If you have kids, you can relate to some of the anxiety of the film. Likewise, there are several great lines that wouldn’t necessarily work out of the context of the situation, but there’s not enough strength in them to fill up the flatness of the movie or add to the pace of things. It was paralyzing to sit there through this only to become partially interested toward the end when it looked like Sandler’s married character might hook up with Vega’s character. But he’s married and this is a film about doing what’s right for your children. Did you guess the ending yet?
I was relieved that they picked some psuedo-dorky yet lovable children to play Leoni and Sandler’s kids, and all of the characters were excellent, well defined, and played wonderfully. Yet, when you put them in a room together to communicate, we don’t see any depth to them. They flop and move around, but they never seem to be reacting to each other, they just say their lines perfectly and wait for the chance to say the next line.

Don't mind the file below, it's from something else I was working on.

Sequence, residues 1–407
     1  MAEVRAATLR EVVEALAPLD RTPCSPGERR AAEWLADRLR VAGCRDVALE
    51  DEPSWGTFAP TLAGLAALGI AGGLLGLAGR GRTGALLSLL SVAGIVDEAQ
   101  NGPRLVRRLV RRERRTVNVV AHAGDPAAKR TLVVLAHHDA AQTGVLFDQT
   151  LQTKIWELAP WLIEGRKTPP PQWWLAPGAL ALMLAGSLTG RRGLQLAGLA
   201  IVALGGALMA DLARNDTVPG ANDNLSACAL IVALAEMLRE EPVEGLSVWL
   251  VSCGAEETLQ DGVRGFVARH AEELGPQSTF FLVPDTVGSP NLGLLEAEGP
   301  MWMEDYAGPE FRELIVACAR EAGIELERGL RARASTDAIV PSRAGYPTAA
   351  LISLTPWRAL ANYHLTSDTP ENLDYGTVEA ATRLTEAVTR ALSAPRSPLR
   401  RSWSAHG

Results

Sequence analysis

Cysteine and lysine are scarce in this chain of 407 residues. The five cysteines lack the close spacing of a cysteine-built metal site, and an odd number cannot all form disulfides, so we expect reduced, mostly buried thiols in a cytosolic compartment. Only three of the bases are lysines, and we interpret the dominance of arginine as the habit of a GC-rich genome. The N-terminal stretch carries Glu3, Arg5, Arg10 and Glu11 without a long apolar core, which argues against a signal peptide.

I’m not sure, maybe it was the language barrier, maybe it was the borderline overacting, maybe it was my sheer boredom, but aside from a few good moments, this is a fluff movie for a rainy day. They were trying to get across a message about parenting, about decency, about understanding, about human trials and triumph, but they came away with a story that lacks pulp. Sure they’ve added calcium for the bare bones of it, little tidbits of wisdom about family, but there’s nothing to get stuck in our teeth. If Spanglish exists to make us think about our family relationships, then I’m not so sure I should have spent over two hours away from mine to watch this movie. The first thing you need to know about the disc is that you cannot watch it in Spanish or with Spanish subtitles. English, yes. French, yes. Spanish, no. I can partially see why this would be complicated and potentially destroy the dynamic of no one speaking the same language, but come on. With the title being Spanglish don’t you think some solely Spanish-speaking people would be intrigued and want to watch it? And if so, is it made in such a way that they could understand the story by not knowing English? Even the narrator speaks in English throughout the whole film. How likely is it any way that in America you’ll find someone that speaks Spanish and French, but not English?